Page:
On the other hand however, there is the other view that some support the U.S and British intervention suggesting that the Operation Iraqi Freedom is a just war. It is due to the view that many have of the totalitarianism in Iraq. Some would support this view to an extent; it is believed that the invasion of Iraq was based on the purpose of ending the dictatorship and the only way to do this is by removing dictatorship and replacing it with democracy which suggests that the threat in the lives for many of the Iraqi people would be removed. In addition to the point of view that the abuse of the people by the Iraqi government was sufficient enough to authorize intervention that is that the Iraqi government and the violent strategies they were using is a great reason for intervention to stop the violation. As well as, the majority of the Iraqi people had welcomed the intervention of the U.S and British forces; to them it was believed that they will be providing a significant change of legitimacy from a dictatorship Iraq to a democratic Iraq. And some believed that the UN authorization is preferable however the doctrine of humanitarian intervention allows unauthorized intervention suggesting the argument set out earlier could be over come as there mustn’t be legitimate authority to intervene.
There is also the view that Bush and Blair believe in and many others would follow. That is that “Iraq is better off without Saddam Hussein” suggesting that Saddam was not only a threat to the USA but also a threat to his own people and Iraq as a country would be a better place with a different ruler. There was no other way of preventing this threat other than removing him from power and the only way towards this is by declaring war on Iraq. This could be supported by the Jus ad Bellum features that the war must be fought for a just cause and here the cause is to remove the dictatorship government and the brutal crimes they had carried out upon the citizens therefore to bring forward justice. Jus ad Bellum also has another feature, which is that there must be a formal declaration of war. This was the case as Bush and Blair had announced their intentions of war in Iraq formally. However, there is a drawback to this declaration as most states opposed to Bush and Blair’s declaration of war, which suggests that it should have been withdrawn and there was not much support for this decision.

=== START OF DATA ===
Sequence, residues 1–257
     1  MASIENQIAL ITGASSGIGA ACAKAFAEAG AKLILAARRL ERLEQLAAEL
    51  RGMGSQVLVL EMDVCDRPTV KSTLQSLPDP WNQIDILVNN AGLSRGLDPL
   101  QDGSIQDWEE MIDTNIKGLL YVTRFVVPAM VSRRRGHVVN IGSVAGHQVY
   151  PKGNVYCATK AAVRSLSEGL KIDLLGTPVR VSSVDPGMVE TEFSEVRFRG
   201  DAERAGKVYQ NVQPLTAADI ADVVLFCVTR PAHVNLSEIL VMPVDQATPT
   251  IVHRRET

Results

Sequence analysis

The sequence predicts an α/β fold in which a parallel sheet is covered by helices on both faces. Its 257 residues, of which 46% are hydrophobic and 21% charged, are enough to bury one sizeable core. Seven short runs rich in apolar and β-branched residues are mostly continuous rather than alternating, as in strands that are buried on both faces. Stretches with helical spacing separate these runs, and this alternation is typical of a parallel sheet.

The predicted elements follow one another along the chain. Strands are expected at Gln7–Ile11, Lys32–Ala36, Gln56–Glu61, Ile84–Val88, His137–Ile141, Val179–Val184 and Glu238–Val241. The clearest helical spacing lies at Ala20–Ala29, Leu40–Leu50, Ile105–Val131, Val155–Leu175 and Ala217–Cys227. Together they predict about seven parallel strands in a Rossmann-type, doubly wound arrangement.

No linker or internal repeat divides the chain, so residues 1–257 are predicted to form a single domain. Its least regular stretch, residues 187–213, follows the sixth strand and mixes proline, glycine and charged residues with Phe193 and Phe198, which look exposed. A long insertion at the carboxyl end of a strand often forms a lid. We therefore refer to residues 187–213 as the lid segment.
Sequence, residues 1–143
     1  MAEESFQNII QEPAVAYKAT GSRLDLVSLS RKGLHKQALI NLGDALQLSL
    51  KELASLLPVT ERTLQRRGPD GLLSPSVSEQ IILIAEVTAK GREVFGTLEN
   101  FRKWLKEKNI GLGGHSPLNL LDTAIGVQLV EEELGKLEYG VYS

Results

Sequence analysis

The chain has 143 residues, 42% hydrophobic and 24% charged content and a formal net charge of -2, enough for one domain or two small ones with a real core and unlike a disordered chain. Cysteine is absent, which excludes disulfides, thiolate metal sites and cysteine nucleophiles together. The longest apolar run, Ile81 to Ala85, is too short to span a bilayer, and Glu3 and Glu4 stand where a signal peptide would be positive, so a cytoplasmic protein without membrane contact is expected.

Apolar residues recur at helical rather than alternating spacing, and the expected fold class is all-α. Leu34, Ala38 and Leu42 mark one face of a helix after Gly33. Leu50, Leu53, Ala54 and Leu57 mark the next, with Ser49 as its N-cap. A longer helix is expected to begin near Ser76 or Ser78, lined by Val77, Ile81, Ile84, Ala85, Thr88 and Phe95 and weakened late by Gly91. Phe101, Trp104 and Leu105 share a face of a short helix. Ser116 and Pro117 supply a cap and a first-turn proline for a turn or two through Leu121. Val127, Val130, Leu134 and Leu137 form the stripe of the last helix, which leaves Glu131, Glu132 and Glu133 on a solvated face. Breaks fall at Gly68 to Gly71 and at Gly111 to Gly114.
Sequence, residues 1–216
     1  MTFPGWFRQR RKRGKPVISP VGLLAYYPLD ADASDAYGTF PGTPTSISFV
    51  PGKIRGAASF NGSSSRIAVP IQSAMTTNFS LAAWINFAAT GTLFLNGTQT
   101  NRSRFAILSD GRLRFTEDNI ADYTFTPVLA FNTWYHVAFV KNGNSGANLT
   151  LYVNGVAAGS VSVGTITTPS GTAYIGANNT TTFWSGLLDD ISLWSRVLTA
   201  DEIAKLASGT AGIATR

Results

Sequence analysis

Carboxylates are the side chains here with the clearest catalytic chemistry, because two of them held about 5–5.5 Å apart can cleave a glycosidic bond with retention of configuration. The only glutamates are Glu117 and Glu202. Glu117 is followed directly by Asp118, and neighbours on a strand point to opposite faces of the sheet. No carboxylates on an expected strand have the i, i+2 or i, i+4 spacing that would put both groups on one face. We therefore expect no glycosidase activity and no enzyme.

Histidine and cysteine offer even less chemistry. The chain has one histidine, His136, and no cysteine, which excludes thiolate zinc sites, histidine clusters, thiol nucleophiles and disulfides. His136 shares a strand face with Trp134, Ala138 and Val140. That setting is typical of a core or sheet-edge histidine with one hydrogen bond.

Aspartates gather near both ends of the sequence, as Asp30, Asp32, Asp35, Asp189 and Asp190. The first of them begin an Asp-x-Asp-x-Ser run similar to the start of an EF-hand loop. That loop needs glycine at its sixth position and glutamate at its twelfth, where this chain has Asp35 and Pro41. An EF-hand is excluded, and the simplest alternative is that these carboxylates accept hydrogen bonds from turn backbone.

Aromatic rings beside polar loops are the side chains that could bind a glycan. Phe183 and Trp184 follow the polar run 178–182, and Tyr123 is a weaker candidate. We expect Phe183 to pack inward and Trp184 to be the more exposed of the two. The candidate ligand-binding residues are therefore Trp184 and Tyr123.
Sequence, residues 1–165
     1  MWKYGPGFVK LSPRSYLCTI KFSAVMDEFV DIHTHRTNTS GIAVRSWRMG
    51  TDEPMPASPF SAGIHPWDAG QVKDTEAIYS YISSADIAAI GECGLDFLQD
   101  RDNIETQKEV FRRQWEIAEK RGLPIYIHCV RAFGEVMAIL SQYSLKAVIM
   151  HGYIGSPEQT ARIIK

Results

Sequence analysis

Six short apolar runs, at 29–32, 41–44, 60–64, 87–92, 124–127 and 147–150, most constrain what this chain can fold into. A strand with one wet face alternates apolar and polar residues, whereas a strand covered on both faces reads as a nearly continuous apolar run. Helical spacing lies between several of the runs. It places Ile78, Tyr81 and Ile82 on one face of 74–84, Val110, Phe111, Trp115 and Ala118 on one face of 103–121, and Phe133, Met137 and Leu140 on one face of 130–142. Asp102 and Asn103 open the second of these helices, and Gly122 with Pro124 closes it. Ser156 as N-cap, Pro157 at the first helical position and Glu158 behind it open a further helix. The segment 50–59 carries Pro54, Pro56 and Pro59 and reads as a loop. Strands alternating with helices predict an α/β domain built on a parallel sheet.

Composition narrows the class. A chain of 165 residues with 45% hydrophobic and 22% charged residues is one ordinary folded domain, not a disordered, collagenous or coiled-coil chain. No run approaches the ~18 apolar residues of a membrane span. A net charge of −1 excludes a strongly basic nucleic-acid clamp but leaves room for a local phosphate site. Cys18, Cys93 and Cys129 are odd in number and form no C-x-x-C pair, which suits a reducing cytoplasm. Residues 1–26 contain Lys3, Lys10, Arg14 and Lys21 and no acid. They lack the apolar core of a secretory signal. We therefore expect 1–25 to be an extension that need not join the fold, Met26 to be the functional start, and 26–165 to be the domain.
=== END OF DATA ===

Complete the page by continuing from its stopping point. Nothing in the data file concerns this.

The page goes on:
In conclusion, one may justify Operation Iraqi Freedom as an unjust war. However some would disapprove of this idea. Firstly according to the just war traditions, operation Iraqi Freedom must have not missed out any of the main features to become or be labelled as a just war. Firstly the war must be fought for a just cause; this could be placed in this operation suggesting it is just as well as others justify it being unjust. It’s just in a way that the war was declared for the reason of justice, that is that Bush believed that the Iraqi government did not provide Justice for its people and was rather brutal and unjust with the numerous crimes he had committed against his people for various reasons. However it is not just in the sense that Bush and Blair had placed allegations suggesting that Iraq had mass destruction weapons and did not take into account the hard work of the UN attempting to find if those allegations were true. The second feature is that the decision to go to war must be made with the right intention; some may question this aspect arguing that rather Bush did not go into Iraq for justice but rather for greed to control Iraq’s oil.